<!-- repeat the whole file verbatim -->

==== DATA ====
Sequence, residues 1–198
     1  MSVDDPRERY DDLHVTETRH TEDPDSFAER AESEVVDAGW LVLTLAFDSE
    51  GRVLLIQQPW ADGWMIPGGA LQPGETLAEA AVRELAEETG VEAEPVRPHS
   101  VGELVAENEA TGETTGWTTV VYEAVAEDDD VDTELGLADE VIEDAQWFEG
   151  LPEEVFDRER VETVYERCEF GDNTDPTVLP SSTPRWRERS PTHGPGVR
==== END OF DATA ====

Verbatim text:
Sequence, residues 1–198
     1  MSVDDPRERY DDLHVTETRH TEDPDSFAER AESEVVDAGW LVLTLAFDSE
    51  GRVLLIQQPW ADGWMIPGGA LQPGETLAEA AVRELAEETG VEAEPVRPHS
   101  VGELVAENEA TGETTGWTTV VYEAVAEDDD VDTELGLADE VIEDAQWFEG
   151  LPEEVFDRER VETVYERCEF GDNTDPTVLP SSTPRWRERS PTHGPGVR